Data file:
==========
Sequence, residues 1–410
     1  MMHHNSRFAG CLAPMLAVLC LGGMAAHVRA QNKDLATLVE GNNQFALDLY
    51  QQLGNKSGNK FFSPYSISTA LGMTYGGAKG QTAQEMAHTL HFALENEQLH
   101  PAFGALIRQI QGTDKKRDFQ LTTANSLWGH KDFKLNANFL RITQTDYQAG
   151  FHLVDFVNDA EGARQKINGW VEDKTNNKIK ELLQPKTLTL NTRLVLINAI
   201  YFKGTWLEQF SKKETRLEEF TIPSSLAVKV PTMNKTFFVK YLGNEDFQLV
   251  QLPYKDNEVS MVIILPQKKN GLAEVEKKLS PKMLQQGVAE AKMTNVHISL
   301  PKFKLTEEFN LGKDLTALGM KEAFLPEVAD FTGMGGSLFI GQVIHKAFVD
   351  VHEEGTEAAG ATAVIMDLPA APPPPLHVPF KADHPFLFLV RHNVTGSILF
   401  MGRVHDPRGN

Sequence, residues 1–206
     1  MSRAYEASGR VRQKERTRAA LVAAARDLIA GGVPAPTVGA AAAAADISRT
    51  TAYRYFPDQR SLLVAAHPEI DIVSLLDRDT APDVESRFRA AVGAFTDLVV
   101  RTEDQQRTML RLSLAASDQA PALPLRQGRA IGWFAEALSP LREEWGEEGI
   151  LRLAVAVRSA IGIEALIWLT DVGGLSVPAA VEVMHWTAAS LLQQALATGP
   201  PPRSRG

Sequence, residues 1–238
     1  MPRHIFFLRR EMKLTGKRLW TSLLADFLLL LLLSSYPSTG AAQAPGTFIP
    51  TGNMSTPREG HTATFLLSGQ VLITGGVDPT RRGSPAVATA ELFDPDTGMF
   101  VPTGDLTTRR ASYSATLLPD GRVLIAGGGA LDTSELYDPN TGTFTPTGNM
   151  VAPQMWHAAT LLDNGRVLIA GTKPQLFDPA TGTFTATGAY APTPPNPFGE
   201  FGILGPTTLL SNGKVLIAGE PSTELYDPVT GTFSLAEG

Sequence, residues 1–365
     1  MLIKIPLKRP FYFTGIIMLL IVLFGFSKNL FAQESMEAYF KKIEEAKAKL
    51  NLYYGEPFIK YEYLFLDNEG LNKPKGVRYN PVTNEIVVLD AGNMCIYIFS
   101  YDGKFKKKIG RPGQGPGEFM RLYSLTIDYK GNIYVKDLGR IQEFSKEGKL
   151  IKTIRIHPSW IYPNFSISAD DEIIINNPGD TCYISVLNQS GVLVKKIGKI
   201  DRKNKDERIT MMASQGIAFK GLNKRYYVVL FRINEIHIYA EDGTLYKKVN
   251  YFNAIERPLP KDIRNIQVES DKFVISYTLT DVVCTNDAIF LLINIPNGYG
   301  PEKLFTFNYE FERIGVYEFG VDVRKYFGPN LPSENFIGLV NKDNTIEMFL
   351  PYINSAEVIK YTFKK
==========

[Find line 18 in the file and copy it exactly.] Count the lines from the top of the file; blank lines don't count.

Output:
     1  MPRHIFFLRR EMKLTGKRLW TSLLADFLLL LLLSSYPSTG AAQAPGTFIP